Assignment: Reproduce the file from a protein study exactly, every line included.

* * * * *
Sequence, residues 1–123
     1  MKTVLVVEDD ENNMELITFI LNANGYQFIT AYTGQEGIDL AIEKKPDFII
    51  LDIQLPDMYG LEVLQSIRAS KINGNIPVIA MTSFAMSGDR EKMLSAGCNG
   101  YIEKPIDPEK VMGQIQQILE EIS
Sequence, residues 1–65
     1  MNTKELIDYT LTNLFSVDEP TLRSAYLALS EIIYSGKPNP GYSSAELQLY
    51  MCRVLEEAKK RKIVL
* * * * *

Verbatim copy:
Sequence, residues 1–123
     1  MKTVLVVEDD ENNMELITFI LNANGYQFIT AYTGQEGIDL AIEKKPDFII
    51  LDIQLPDMYG LEVLQSIRAS KINGNIPVIA MTSFAMSGDR EKMLSAGCNG
   101  YIEKPIDPEK VMGQIQQILE EIS
Sequence, residues 1–65
     1  MNTKELIDYT LTNLFSVDEP TLRSAYLALS EIIYSGKPNP GYSSAELQLY
    51  MCRVLEEAKK RKIVL